As to the effect of a; failure to clearly describe the invention, see Evan. v. Eaton, 7 Wheat. 434. And here the matter becomes directly important, for there is nothing in the evidence to show whether the boxes Df the gins made by the defendants., claimed as an infringement, had adjustable fronts or not; and if not, the boxes of those gins could not, as shown by the drawings, be in anywise an infringement, oecause the several parts necessary could not be combined so as to form the major part of a circle. The case shows that at and long prior to the claimed invention of complainant cotton-gins were in use with socalled circular roll boxes. The front was curved, and so were the cotton boards and the upper portion of the ribs. The parts were formed on the axes of various-sized circles,.not similar circles, having a common center, according to the idea of the manufacturer. The alleged invention is merely to combine these well-known parts so as to form with them the major part of the same circle, leaving just what we had before-a circular roll box doing the same work in the same way, and (under the evidence) with doubtful better results. "A mere carrying forward, or new or more extended application of the original thought, a change only in form, proportions, or degree, the substitution of equivalents doing substantially the same thing in the same way, by substantially the same means, with better results, is not such an invention 'as will Smith v. Nicholl8, 21 Wall. 119. See, ,Yo Ryan, 91 U. S. 159; Dunbar v. Myers, 94 U. S. 199. " ,. , As to the effect of mere change of form, see Winans v. Denmead, 15 How. 344, and Eddy v. Dennis, 95 U. S. 569. In Reckendorfer v. Faber, 92 U. S. 357, we find: The combination to be patentable must produce a different force or effect or result in the combined forces or processes from that given by their separate parts. There must be a. new result produced by their union; if not so, it is only an aggregation of separate elements." In this case the combination is not shown to produce a different force or effect or result from that given by the separate parts. The claim even of less friction in the roll is not Bustained by the evidence. Argnment is made, supported byautbqrity, that the issuance of a patent makes a prima facie case-First, that the thing is patentable; and, second, that the patentee is the original and first inventor. But this case so made is prima facie only. Reckendorferv. Faber, Bupra. Here, I think, both points oftha chtimed prima facie case are' overcome. The first, for the reasons hereinbefore given, and the second, by the showing made that the commissioner issued a subsequent
patent for the same invention to Massey after and based upon the decision of the examiner of interferences that Massey, and not complainant, was the prior inventor. On the whole case I am not satisfied that the specifications of the claimed invention are in "such full, clear, and distinct terms as to distinguish the same from all others before known," nor that the same is patentable, nor that complainant was the original inventor. The bill must therefore be dismissed, and a decree to that effect will be entered.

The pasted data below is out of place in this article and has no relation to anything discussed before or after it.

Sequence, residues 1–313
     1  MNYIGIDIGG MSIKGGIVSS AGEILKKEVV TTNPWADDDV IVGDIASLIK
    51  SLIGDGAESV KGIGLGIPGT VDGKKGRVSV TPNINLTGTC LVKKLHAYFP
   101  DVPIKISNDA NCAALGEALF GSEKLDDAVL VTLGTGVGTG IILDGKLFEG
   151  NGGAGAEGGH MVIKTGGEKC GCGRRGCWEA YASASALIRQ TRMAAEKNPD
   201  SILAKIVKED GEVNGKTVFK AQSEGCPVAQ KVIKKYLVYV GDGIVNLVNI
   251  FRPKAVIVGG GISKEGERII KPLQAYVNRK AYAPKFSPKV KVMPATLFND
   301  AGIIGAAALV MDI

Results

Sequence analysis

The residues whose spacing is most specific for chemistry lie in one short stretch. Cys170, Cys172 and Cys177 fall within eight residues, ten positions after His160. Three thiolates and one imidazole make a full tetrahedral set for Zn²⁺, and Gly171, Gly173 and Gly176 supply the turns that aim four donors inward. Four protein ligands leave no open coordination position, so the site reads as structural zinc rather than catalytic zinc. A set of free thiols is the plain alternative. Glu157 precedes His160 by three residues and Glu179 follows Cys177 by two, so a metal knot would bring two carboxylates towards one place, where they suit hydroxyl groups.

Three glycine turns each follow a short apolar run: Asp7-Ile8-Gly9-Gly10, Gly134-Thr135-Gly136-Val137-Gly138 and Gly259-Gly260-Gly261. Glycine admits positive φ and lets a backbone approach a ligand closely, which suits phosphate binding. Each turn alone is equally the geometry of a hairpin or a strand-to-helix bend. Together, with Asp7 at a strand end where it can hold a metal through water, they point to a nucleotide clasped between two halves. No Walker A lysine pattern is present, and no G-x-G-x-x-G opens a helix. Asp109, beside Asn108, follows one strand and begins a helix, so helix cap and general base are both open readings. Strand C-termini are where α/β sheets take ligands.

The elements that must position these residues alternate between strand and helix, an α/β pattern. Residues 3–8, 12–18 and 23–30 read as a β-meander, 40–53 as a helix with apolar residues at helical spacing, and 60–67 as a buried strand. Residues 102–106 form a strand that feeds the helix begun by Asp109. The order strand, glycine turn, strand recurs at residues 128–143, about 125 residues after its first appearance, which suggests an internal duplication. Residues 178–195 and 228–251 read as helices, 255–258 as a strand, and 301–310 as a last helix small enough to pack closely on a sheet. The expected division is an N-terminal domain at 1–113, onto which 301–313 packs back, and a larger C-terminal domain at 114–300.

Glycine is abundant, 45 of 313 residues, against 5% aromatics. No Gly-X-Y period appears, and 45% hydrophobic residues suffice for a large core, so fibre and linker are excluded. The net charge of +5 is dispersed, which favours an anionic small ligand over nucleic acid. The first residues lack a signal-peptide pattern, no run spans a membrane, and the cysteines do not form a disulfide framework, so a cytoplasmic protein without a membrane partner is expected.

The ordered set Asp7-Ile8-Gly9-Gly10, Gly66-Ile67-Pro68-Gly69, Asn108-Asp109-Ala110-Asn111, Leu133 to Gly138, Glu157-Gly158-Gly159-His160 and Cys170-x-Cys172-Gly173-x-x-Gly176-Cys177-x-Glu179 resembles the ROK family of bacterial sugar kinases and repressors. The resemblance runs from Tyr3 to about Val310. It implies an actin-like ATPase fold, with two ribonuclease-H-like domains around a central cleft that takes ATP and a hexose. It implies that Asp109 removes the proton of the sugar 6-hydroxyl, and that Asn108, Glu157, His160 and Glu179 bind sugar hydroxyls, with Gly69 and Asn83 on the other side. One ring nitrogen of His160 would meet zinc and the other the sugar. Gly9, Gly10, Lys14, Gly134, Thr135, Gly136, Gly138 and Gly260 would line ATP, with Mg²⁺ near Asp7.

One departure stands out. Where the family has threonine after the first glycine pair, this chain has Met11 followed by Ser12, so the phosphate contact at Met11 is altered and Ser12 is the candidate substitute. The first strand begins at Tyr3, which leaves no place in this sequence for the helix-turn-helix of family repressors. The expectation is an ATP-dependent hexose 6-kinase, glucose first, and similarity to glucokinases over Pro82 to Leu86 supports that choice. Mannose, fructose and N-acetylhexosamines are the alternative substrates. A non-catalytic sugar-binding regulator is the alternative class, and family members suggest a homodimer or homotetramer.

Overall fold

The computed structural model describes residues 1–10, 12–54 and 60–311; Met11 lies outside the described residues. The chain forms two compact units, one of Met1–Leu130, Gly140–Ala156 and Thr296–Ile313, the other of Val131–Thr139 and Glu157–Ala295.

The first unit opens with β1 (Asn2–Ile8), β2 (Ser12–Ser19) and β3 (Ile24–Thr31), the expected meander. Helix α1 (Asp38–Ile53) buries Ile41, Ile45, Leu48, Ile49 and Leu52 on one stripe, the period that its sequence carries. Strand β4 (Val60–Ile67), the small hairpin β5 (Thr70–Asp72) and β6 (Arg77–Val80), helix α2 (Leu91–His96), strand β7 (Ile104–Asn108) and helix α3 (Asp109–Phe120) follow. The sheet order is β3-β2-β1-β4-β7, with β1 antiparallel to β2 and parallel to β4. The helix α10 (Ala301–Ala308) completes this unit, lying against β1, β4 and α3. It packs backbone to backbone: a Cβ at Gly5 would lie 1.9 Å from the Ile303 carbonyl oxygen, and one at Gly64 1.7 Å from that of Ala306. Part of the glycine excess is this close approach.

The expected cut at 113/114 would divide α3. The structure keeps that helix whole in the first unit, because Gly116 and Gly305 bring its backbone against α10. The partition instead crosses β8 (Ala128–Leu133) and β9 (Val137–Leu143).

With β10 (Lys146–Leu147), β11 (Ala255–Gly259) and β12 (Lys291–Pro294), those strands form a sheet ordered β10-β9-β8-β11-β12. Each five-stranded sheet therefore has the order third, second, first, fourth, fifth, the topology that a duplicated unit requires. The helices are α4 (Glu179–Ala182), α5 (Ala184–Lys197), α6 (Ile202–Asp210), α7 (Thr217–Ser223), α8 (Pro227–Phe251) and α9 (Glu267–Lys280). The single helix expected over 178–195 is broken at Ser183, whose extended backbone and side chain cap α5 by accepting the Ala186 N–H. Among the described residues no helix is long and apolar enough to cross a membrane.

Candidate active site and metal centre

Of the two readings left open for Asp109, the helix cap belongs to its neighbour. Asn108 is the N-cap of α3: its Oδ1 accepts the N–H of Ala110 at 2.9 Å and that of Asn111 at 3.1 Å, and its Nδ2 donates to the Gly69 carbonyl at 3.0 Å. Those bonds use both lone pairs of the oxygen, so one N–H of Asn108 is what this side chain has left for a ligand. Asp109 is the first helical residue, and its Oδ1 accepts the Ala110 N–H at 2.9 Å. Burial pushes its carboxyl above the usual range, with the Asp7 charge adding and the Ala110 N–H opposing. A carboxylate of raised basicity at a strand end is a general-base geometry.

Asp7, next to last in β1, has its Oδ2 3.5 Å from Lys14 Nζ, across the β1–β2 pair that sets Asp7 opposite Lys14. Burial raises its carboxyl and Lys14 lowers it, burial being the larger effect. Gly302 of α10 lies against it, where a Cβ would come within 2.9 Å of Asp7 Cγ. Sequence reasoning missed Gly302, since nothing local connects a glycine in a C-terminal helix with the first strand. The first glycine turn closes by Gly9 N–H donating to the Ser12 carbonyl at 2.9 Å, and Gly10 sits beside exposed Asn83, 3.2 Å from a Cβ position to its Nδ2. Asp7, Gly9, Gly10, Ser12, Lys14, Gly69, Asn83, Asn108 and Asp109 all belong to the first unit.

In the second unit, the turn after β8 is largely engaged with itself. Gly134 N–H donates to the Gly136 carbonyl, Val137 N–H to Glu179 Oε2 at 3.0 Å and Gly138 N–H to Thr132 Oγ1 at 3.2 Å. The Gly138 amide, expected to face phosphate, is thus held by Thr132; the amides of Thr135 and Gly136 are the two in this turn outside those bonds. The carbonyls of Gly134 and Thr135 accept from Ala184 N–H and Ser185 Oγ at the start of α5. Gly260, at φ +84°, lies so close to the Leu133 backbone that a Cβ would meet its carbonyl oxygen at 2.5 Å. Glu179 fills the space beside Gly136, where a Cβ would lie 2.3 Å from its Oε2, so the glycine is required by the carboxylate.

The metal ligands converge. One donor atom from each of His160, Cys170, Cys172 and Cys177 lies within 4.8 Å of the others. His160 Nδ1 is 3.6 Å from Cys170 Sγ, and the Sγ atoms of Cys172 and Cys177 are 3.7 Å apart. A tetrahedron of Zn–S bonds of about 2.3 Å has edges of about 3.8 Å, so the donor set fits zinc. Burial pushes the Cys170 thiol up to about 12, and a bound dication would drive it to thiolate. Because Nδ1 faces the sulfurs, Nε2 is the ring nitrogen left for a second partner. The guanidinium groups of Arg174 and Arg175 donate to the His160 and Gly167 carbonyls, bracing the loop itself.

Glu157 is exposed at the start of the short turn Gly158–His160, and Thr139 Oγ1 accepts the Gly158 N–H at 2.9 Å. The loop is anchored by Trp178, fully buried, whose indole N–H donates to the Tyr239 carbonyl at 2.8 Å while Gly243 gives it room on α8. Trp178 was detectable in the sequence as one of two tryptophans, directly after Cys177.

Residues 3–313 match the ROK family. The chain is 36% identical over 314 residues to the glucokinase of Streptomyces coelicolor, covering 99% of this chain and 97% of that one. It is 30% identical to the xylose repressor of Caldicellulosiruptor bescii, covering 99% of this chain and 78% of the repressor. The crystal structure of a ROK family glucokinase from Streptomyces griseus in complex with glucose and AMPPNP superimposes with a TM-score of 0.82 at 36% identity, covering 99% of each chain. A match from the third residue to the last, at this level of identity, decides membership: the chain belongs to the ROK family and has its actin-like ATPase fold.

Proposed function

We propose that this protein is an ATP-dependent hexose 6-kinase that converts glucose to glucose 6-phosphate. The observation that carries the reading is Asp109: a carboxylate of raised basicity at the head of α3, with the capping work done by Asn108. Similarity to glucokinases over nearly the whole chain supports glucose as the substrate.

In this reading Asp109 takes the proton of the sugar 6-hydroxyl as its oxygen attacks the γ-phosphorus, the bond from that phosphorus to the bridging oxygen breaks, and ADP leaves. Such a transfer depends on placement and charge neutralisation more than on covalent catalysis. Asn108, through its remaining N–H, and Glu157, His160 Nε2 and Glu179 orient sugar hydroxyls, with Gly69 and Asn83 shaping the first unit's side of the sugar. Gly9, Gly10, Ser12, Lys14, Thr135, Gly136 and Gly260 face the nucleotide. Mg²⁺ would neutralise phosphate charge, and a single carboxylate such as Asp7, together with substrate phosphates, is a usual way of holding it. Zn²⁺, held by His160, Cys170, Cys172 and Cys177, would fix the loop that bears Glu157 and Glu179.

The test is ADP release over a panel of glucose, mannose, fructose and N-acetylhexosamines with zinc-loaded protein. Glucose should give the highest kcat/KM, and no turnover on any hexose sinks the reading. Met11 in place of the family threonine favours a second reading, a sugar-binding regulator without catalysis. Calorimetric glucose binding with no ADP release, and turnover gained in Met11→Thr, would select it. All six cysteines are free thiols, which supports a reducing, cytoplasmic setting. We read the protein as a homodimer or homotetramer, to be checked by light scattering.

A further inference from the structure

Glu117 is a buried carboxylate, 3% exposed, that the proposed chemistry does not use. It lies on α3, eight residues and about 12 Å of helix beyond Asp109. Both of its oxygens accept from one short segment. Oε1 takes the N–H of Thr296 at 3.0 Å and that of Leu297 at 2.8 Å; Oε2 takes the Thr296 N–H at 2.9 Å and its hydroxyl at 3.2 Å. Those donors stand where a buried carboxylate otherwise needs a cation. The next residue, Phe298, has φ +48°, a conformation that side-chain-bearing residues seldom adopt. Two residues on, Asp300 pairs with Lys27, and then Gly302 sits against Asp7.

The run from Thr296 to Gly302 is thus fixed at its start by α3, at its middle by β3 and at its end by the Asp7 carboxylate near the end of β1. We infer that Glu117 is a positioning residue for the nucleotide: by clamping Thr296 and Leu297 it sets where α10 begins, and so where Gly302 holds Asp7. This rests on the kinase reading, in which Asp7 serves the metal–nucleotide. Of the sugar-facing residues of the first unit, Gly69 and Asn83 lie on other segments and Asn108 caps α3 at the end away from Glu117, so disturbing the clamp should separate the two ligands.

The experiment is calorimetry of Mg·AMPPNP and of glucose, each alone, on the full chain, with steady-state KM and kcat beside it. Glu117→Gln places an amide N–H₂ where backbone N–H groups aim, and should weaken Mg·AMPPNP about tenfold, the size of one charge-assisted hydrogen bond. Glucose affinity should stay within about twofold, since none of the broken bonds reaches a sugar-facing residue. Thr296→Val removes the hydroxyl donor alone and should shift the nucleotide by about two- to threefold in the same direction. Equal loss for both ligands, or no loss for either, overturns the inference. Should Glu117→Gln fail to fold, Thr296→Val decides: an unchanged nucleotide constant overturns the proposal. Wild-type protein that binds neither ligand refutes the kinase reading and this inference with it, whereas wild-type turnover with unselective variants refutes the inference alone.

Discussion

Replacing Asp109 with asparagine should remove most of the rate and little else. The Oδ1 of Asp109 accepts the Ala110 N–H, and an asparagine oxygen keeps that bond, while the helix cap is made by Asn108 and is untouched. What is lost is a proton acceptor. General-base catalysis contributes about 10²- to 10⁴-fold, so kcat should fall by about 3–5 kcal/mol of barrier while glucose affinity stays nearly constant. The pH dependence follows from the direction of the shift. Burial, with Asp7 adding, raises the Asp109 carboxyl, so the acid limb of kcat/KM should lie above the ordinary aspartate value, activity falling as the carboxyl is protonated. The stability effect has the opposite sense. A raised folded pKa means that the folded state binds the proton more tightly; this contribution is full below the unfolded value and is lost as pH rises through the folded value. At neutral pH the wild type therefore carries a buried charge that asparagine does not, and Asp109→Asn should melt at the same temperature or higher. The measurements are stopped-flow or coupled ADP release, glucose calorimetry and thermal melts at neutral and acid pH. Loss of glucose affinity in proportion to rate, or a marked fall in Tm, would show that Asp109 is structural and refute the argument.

O(}IUrl, Fl. D.PennBywama.
May 29, 1882.)
GENERAL AVERAGE -SACRIFICE OF PROPERTY ALREADY
Where property that has been displaced by a storm, although vawab1e and capable of being saved if the storm abates, is, from its position, an especial source of danger to the vessel, its sacrifice in order to save the vessel is a voluntary sacrifice, ani its loss the subject of general average. 2. SAME. The test in such cases is whether there was a reasonable chance of saving the property but for thecop.tinuanoe. the storm. If there was it was not lost, and the casting away of this chanc,e for the common safety was a voluntary sacrifice, which will support a claim to contribution. B. It would make no difference in such case that the danger was greatest to the property thus cast away. 4. SAME-SPARS BLOWN OVERBOARD. A portion of a vessel's spars and saiIs was blown overboard by a gale and lay along-side the vessel, pounding against her side, but secured to her by the rigging. The gale continuing, the spars were cut adrift in order to prevent them from pounding a hole in the ve.ssel's side. Hela,that the cargo must contribute to the loss sustained by their sacrifice.
In Admiralty. Libel to enforce the payment of an adjustment of general average. The testimony disclosed the following facts:
On July 29,1880, about noon, tbe bark Margarethe Blanca, on a voyage from Pillau to Philadelphia, laden with old rails and rags, encountered a squall, which carried away ber bead-gear, foretop-mast, and all above, wit.b spars, rigging, and sails, and also ber maintop-gallant-mast, and all above, with spars and rigging. This mass fell to leeward, and floated by the vessel's side, being secured by portions of the running and standing rigging. It appeared from the testimony that bad the storm abated this material could have
.Reported by Frank p. Prichard, Esq., of the Philadelphia bar.